10 May 2017
Topical anesthesia is used to control pain associated with many procedures in medicine. Today, the product most commonly applied for topical anesthesia in Germany is EMLA ® (lidocaine/prilocaine). However, since prilocaine is a methemoglobin-inducing agent, there are limitations to its use, especially in neonates and infants. The aim of this study was to evaluate the effect of prilocaine and lidocaine as well as propylene glycol, a penetration enhancer, and trometamol, a buffer substance, in anesthetic creams.
Twenty-nine healthy adults participated in this study. Standardized creams with eight different compositions were applied and left for 20, 40 or 60 min. After exposure to standardized painful stimuli (blunt/sharp with pressures of 0.2, 0.4 or 0.8 N), subjects rated the experimental pain using a visual analog scale.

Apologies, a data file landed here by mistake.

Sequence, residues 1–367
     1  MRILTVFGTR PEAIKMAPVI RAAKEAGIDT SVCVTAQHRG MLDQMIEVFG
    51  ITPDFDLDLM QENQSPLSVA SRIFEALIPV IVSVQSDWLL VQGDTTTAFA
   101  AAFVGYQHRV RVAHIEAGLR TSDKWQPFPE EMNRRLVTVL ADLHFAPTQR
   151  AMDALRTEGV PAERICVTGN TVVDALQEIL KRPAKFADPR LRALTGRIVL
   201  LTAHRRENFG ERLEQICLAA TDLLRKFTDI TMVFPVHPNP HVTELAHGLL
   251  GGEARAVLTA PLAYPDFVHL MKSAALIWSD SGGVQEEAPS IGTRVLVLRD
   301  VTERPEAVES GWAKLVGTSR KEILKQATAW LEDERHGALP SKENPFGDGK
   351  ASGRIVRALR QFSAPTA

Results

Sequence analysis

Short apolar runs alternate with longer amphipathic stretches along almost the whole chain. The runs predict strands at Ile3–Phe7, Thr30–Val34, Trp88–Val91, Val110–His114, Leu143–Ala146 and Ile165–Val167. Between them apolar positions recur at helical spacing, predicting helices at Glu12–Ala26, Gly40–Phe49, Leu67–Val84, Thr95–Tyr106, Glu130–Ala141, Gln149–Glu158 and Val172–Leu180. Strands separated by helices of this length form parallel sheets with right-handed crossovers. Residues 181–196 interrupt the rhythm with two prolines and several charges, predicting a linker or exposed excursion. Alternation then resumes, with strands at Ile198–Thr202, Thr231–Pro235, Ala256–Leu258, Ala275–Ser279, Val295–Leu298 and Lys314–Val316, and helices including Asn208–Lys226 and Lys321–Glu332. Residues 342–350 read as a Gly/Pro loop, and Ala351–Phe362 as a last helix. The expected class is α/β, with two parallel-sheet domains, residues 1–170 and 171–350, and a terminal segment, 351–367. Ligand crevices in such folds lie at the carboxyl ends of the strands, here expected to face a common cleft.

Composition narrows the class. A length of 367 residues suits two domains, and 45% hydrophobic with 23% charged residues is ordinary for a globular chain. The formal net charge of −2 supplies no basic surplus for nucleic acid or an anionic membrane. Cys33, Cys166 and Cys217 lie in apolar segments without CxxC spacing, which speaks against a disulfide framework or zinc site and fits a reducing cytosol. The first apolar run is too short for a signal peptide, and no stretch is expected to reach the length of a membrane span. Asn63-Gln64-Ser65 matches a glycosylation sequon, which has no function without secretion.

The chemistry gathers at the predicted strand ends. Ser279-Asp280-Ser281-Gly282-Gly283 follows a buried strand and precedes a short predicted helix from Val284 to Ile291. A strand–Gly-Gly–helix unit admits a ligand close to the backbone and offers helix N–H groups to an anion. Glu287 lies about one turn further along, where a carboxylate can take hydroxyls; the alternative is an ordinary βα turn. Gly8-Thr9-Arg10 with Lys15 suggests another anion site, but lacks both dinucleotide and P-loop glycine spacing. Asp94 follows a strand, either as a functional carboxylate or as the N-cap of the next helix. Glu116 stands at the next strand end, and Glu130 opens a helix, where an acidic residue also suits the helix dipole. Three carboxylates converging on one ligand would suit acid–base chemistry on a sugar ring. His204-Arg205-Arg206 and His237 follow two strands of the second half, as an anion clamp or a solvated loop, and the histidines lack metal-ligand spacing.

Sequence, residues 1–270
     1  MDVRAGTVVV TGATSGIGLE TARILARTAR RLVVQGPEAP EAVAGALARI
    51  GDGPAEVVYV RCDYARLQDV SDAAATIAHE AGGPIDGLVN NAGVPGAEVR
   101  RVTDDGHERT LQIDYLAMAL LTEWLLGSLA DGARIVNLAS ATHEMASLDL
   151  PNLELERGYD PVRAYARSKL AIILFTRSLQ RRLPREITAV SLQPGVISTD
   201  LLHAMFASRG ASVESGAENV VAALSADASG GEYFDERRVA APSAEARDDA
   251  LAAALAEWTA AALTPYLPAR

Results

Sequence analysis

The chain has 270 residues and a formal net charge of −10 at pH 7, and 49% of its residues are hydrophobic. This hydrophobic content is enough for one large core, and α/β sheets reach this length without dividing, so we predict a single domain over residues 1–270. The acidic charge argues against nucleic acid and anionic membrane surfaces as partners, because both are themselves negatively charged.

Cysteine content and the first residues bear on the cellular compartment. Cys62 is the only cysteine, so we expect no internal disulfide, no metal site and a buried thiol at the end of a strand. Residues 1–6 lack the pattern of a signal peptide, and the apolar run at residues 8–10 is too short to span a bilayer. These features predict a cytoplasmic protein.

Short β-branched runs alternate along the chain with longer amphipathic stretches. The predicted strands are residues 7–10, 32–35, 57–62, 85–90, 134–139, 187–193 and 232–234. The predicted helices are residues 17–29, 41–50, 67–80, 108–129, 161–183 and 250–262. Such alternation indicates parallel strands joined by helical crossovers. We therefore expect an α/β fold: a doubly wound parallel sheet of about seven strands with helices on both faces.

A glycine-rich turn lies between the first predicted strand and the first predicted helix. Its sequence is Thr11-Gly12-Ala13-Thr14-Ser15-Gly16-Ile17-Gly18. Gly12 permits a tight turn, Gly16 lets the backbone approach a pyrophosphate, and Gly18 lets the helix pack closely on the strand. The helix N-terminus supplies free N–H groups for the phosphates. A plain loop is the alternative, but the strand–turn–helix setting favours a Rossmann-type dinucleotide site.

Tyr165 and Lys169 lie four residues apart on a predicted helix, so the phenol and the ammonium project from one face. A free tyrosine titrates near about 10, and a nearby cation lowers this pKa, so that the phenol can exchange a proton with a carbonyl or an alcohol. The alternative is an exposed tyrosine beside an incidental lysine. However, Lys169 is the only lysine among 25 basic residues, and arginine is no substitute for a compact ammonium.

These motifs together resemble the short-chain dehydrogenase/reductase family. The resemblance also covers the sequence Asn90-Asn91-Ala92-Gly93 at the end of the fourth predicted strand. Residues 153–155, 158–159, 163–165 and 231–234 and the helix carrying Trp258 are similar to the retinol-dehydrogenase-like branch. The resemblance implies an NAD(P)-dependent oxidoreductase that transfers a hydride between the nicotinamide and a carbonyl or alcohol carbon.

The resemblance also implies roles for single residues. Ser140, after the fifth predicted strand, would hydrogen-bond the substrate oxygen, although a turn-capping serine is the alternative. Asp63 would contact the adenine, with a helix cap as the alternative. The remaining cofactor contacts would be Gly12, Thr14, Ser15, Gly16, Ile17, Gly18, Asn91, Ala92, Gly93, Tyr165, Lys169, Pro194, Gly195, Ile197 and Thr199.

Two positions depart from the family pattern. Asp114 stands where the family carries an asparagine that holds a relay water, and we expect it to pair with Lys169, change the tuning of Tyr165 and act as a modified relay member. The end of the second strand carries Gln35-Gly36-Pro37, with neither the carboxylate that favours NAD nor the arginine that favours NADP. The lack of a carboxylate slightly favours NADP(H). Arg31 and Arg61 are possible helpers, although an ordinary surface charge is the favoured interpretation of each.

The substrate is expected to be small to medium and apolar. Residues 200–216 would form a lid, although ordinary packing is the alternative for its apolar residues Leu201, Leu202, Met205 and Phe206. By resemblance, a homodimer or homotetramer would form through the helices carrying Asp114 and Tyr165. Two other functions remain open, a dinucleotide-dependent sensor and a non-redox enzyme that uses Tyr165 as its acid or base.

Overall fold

Significant results were only found with an exposure time of 60 min and a stamp pressure of 0.8 N. At a concentration of 20%, lidocaine was more effective compared to placebo and equally effective compared to lidocaine/prilocaine in controlling pain. The analgesic effect of the cream containing lidocaine 10% and additional trometamol was significantly superior to that of placebo and non-inferior to that of lidocaine/prilocaine. In this study, the penetration enhancer propylene glycol did not accelerate the onset of the analgesic effect. In contrast, the addition of trometamol (Tris/THAM) accelerated the onset of the effect compared to the native formulation (at 0.4 and 0.8 N). In all of the adult subjects of this study, the minimum exposure time was 60 min for any of the tested topical anesthetic creams.